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Tuesday, 27 March, 2001, 00:17 GMT 01:17 UK
Eye clinics 'offer poor support'
eye
Some clinics are unsatisfactory, say patients
Partially-sighted or blind patients are often given inadequate support and information from NHS eye clinics, says a leading charity.

The Royal National Institute for the Blind wants support workers to be employed in every clinic to advise patients, most of whom are elderly.

Its own survey of 200 people who regularly attend eye clinics across the UK suggests that many leave the clinic either distressed or confused about their treatment.


I always felt fobbed off and the people at the clinic never bothered to explain things to me properly

Joan Austin, patient
More than 70% said they wanted someone to talk to about their feelings and worries - but only 19% had been offered this.

Sheena McBride, RNIB's Early Support and Intervention Officer, said: "It's disturbing to find that the human needs of blind and partially-sighted people are being overlooked.

"We hear a lot about patient advocacy and putting patient needs at the heart of health services but the reality in eye clinics is that those needs are just not being understood."

The survey found that problems emerged before the patients even made it to hospital - the vast majority received an appointment letter written in normal, small type.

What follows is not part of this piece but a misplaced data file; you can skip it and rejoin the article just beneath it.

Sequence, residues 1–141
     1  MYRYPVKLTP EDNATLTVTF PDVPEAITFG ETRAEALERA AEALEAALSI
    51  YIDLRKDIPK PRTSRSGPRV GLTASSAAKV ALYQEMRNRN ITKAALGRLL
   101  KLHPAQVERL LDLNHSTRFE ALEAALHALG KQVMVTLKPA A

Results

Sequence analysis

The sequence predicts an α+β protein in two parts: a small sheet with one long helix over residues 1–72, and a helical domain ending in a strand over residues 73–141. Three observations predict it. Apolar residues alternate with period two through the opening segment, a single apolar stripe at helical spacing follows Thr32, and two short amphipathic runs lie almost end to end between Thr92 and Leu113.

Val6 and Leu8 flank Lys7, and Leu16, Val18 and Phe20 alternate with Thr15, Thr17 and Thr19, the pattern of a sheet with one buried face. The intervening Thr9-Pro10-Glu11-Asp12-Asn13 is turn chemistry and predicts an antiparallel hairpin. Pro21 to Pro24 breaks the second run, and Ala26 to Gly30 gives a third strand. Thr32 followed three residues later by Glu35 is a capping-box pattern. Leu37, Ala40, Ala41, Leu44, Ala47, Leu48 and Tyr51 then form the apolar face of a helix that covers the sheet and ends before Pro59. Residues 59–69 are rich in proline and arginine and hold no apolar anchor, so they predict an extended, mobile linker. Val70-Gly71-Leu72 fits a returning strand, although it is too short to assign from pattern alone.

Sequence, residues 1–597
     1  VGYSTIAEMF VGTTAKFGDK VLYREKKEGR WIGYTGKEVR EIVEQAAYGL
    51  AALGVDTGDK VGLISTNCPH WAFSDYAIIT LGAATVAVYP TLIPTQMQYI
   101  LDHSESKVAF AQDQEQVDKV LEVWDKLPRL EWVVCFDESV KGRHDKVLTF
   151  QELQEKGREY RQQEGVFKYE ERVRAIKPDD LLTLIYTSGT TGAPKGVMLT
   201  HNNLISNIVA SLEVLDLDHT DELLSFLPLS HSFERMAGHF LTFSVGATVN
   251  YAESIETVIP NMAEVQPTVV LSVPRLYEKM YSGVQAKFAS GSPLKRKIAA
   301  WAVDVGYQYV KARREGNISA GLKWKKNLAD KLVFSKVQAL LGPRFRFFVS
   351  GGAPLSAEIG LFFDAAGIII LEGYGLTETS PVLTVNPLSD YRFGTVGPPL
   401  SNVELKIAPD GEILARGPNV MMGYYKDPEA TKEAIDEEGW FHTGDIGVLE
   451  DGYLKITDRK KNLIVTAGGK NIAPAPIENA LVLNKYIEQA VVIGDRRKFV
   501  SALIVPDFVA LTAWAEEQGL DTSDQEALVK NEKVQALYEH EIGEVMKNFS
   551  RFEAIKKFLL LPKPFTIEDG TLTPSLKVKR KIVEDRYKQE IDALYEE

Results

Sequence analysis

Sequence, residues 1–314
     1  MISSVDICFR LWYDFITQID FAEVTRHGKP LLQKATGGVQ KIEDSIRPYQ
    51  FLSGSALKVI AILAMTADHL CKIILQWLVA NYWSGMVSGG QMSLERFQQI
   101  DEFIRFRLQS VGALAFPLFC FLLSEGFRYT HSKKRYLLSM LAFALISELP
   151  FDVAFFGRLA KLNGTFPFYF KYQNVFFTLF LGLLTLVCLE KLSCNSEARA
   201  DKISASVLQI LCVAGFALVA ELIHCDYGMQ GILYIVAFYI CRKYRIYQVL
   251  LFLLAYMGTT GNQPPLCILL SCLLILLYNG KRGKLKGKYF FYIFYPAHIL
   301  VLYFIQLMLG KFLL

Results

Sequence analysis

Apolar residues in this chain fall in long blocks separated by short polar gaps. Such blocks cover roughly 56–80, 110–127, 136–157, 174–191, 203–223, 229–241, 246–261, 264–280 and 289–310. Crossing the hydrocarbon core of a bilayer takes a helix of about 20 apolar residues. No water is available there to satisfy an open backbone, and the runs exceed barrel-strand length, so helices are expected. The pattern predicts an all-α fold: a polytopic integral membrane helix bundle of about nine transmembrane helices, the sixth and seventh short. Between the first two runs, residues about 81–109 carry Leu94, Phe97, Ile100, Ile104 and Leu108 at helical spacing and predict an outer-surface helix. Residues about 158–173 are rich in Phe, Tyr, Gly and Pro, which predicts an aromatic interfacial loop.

'Vulnerable and scared'

While most were subsequently told the name of their eye condition, only two out of five were given information about what it meant and its potential future impact on lifestyle.

Joan Austin, 55, lost her sight gradually - and regularly experienced delays and confusion at eye clinics, she claimed.

"The small amount of information you are given leaves you feeling very vulnerable and scared.

"I always felt fobbed off and the people at the clinic never bothered to explain things to me properly.

"I desperately wanted the chance to talk, ask questions and get support in coming to terms with my future. There was no-one in the clinic who helped me like that."

The RNIB wants clinic staff to be given more training to provide more information for blind and partially sighted patients.

It is also calling for more intervention from managers to set higher standards for the clinics.

The majority of patients, while questioning the lack of support, were generally happy with the standard of treatment given at the clinics.

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